For example, I first chose to defrost a pitta bread and so picked Defrost from the top dial. So far, so simple. Then I was given the choice of Ad-1, Ad-2 or Ad-3, which turned out to be the modes for defrosting meat, poultry and seafood respectively. I plumped for the lowest weight (100g) of meat and then hit cancel after 30 seconds. The pitta was defrosted, but noticeably soggier beneath than on top.

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Cooking cheese on toast on the grill rack provided went well enough. The advantage of a turntable, rather than flatbed design, is that there's more chance of even cooking.

However, I found it hard to keep an eye on cooking. The interior of the oven does illuminate during cooking, but not very brightly. This and the dark mesh inside the glass only served to offer a vague impression of what was happening inside. I definitely couldn't see whether the cheese was bubbling.

It took four minutes to toast one side of the bread. The results were good and even thanks to the turntable, but the Swan was quite loud, with an annoying low hum emitted as the turntable rotated. A further three minutes was enough to melt the cheese on the other side. Again, noisily but evenly.

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The Swan has 12 built-in auto-cooking modes and, unlike the defrost settings, it's easy to pick the right one just as long as you have decent eyesight. The options are: popcorn, potato, vegetable, meat, fish, chicken, reheat, beverage, rice, pasta, bread and pizza. These are for cooking foods that are at room temperature, though, so when it came to cooking a slice of pizza from frozen I used the convection oven. You can select temperatures of 140, 160, 180, 200 or 210°C. I picked the latter and set it for 13 minutes.

By now the controls were really starting to grate. The lower knob is turned from side to side to set the temperature, then you press it in like a button, then turn from side to side to set the cooking time. But you can't actually hit "go" by pressing it in at the end of the process; once all the settings have been input correctly, you must press the Start button below. It's counter intuitive.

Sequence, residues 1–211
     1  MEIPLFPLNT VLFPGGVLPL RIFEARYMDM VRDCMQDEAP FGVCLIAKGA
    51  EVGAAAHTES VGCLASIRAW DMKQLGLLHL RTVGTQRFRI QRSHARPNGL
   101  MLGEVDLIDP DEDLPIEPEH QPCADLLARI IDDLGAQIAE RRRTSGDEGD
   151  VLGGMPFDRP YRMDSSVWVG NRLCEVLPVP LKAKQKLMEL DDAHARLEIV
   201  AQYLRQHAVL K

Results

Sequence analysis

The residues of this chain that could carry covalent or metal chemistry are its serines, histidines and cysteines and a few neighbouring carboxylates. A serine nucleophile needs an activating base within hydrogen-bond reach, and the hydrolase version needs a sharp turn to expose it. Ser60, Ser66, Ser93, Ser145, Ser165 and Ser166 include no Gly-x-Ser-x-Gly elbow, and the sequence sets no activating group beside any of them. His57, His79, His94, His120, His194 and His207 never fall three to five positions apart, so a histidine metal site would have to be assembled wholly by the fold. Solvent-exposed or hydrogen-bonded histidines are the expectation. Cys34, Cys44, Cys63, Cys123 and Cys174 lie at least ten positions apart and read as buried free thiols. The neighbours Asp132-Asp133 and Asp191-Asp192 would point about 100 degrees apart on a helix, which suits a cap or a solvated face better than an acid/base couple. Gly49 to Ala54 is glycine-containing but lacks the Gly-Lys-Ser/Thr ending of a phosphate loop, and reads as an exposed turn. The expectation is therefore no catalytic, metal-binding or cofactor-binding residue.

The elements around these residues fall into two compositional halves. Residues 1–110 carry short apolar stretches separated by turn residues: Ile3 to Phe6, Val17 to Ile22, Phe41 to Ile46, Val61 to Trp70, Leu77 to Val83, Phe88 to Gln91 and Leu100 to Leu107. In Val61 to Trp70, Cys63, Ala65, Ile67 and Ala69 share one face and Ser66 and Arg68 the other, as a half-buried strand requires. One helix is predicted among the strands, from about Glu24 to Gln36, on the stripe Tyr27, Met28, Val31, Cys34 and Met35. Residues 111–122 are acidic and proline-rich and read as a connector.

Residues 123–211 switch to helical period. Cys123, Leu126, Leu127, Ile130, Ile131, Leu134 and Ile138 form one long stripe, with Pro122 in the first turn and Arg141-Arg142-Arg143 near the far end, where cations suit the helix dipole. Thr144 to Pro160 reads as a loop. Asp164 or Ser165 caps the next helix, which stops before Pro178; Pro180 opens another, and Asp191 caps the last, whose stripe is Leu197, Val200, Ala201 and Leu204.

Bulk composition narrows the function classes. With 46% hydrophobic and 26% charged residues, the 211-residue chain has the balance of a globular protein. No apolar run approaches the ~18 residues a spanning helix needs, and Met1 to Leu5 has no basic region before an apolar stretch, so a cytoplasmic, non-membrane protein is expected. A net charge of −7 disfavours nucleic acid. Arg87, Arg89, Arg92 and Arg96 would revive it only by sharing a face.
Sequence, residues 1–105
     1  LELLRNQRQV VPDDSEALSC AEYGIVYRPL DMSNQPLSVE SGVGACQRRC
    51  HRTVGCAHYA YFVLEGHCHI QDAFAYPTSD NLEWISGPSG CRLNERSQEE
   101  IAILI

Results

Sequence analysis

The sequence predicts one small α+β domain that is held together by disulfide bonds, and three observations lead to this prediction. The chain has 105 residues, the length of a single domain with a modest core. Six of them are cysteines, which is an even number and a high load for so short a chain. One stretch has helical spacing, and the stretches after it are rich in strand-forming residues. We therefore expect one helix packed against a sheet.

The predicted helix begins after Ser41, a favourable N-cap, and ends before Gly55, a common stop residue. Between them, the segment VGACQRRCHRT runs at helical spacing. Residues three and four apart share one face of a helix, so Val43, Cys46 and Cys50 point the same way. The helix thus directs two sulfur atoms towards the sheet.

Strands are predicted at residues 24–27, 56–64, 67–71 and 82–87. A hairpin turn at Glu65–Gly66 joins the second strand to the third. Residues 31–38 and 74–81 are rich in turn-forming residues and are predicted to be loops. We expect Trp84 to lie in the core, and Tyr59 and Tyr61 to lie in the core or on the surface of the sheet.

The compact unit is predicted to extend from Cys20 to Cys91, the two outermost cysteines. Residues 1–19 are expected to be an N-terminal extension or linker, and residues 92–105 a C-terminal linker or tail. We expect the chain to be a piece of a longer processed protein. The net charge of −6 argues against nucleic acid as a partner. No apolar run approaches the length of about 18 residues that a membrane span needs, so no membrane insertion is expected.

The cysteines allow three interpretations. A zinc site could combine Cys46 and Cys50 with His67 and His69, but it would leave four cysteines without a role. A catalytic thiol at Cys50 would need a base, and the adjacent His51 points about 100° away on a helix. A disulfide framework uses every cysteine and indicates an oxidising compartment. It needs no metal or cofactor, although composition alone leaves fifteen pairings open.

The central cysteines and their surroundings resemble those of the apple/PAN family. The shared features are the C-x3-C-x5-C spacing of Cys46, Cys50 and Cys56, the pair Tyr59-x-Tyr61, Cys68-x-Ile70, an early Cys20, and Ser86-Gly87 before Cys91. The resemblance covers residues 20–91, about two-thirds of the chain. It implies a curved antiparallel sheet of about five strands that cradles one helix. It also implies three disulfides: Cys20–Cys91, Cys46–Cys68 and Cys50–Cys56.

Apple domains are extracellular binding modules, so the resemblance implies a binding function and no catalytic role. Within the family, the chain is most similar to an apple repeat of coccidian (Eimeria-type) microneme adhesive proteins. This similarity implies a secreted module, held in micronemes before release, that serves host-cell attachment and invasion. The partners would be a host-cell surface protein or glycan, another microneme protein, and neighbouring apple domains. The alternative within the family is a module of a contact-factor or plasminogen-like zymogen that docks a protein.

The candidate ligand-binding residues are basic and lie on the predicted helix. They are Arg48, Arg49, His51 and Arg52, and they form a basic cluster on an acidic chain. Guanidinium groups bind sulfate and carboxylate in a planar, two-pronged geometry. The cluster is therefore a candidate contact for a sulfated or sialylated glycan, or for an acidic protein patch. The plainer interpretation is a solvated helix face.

Finally, the pizza was cooked – if you can call it that. It was everything you'd expect of a microwaved pizza… which is a real shame seeing as I'd cooked it using the convection oven rather than using a microwave or combi mode to save time. It was edible, but the thin base was horribly soggy.

Next for the 300g jacket potato. Here I used the auto cooking mode (450g or 650g; I chose the former, which takes just over 11 minutes). The results were a bog standard microwave jacket potato: fluffy inside, soft skin, overcooked at the base.

Cleaning the stainless steel interior and glass turntable didn't present too much of a problem, but it wasn't as easy as a flatbed model.

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Should I buy the Swan SM22080 Retro?

If you love the styling, then the Swan SM22080 Retro won't disappoint. It does a good enough job and looks-wise there's nothing quite like it, bar the non-combi Swan Vintage SM22030 microwave.

But it has its faults: in particular, the menus can be hard to navigate. The Sharp R861SLM is a better combi for the same price. Or spend more and get the excellent Panasonic NN-DF386. If you're on a budget consider the microwave-only Beko MOF 20110.

Verdict

We love the Swan's retro styling but its dial-only menu system lets it down.

Overall Score

6